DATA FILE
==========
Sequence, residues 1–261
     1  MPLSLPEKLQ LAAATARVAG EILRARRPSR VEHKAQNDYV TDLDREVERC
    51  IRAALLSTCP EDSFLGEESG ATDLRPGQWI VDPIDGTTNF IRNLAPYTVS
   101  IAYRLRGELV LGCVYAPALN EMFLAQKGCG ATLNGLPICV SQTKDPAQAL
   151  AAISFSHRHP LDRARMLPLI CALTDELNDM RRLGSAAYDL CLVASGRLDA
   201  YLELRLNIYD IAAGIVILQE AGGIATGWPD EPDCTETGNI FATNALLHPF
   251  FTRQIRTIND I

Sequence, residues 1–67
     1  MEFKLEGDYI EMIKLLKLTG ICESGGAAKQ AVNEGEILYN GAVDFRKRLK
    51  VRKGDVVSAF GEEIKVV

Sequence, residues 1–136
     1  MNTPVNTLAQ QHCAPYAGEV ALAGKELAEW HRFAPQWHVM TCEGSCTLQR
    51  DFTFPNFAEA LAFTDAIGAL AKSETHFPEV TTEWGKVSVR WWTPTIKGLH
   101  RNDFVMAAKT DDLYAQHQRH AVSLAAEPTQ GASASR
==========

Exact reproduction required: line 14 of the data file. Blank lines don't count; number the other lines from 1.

   101  RNDFVMAAKT DDLYAQHQRH AVSLAAEPTQ GASASR